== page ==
Presidents and Americans with Disabilities

In honor of President’s Day, I decided to reflect on some of the Presidents who played a significant role in improving the lives of children and adults with disabilities. Up until the 60s, most families were ashamed to admit that they had a child with a disability. President John F. Kennedy’s sister Rosemary, who had intellectual disabilities, served as an impetus for the President’s push to establish the President’s Panel on Mental Retardation in 1961.

The Presidents Panel on Mental Retardation, 1961

The President’s Panel on Mental Retardation, 1961

Comprised of 27 members, the panel reviewed the country’s current intellectual disabilities programs, eventually presenting the President with over 100 recommendations for the first comprehensive federal approach. Dr. Gertrude Barber, our founder, was a member of this panel.

A year later, President Kennedy signed the Maternal and Child Health and Mental Retardation Planning Amendment, which incorporated many of the panel’s recommendations and provided planning grants to enable states to update their intellectual disabilities programs. A second piece of legislation provided funding for construction of facilities related to treatment and care of people with intellectual disabilities. At the time of its signing, President Kennedy stated: “Mental retardation ranks with mental health as a major health, social, and economic problem in this country. It strikes our most precious asset, our children.”

300px-Gerald-ford

President Gerald Ford

The next major piece of legislation concerning people with intellectual disabilities was President Ford’s 1975 signing of the Education for All Handicapped Children Act, since renamed to the Individuals with Disabilities Education Act (IDEA). This special education legislation established a federal mandate of “free, appropriate public education” for children with disabilities. After the law passed, over one million children who had not been receiving any or very limited educational services were brought into public school systems.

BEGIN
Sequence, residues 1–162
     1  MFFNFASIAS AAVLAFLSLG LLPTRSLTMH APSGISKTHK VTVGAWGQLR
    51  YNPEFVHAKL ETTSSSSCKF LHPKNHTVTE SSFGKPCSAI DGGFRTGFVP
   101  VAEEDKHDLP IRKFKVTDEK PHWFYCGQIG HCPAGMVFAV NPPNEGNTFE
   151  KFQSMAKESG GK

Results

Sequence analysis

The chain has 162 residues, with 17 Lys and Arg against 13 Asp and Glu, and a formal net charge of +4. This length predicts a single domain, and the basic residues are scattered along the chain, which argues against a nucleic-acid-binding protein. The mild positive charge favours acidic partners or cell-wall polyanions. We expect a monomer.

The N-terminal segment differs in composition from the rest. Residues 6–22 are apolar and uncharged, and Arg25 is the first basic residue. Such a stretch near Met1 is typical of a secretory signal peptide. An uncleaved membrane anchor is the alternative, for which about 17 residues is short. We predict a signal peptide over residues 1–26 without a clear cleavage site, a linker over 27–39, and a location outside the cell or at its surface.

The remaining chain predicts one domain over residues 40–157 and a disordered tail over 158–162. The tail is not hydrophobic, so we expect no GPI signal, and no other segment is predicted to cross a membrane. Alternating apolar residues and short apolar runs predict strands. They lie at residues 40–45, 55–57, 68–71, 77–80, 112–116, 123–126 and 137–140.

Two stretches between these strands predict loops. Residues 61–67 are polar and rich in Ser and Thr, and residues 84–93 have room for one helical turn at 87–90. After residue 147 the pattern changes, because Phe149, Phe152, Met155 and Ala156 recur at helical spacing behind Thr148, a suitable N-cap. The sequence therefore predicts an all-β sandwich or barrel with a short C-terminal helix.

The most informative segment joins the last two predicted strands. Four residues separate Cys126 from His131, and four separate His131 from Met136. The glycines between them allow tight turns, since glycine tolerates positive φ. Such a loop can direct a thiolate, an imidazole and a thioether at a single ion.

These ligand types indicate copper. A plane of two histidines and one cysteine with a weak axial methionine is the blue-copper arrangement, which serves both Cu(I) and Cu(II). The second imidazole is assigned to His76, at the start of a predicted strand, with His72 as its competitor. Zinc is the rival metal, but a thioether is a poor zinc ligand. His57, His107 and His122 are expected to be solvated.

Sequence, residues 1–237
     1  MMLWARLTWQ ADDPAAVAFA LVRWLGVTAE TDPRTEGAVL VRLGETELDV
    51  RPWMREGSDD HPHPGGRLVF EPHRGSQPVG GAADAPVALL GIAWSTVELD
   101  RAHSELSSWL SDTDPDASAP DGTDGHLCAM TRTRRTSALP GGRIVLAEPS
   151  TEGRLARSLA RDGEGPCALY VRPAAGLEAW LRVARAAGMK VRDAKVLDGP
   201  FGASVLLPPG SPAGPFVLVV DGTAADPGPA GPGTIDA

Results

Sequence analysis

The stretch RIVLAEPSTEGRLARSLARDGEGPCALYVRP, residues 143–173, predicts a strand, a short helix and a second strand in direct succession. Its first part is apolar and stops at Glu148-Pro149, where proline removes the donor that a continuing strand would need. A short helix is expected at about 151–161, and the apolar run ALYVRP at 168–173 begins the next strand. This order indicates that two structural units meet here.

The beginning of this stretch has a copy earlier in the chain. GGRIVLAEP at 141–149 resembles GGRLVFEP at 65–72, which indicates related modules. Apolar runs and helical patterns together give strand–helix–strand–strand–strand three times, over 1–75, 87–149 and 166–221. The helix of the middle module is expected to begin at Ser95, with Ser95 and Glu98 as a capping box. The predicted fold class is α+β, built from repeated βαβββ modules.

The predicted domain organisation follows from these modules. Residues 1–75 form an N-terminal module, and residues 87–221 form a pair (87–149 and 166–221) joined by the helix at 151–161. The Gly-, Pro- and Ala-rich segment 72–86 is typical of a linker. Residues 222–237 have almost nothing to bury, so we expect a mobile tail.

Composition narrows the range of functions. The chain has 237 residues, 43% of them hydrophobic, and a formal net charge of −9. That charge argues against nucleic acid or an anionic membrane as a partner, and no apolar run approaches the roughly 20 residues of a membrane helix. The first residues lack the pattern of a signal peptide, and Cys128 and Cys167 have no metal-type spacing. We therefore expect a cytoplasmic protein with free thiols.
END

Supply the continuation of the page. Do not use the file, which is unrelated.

Then on July 26, 1990, President George H.W. Bush signed The Americans with Disabilities Act, the world’s first comprehensive declaration of equality for people with disabilities. “Today’s legislation brings us closer to that day when no Americans will ever again be deprived of their basic guarantees of life, liberty, and the pursuit of happiness,” President Bush said.

President Bush signs the historic ADA.

President Bush signs the historic ADA

Most recently, Obama made history by signing the ABLE Act, which provides lifetime saving capabilities for people with disabilities.

It’s wonderful that the United States continues to be a leader in supporting the rights of children and adults with disabilities. In only 50 years we’ve gone from sending people with intellectual disabilities “away” to celebrating their unique and valuable contribution to our society. As Americans, we can all be proud of the monumental progress our country has made.

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2 Responses to Presidents and Americans with Disabilities

  1. teachezwell says:

    Reblogged this on Teachezwell Blog and commented:
    Thankful for the leadership and advocacy of untold numbers of parents, teachers, and students. These pieces of legislation form the foundation of support for special needs kids.

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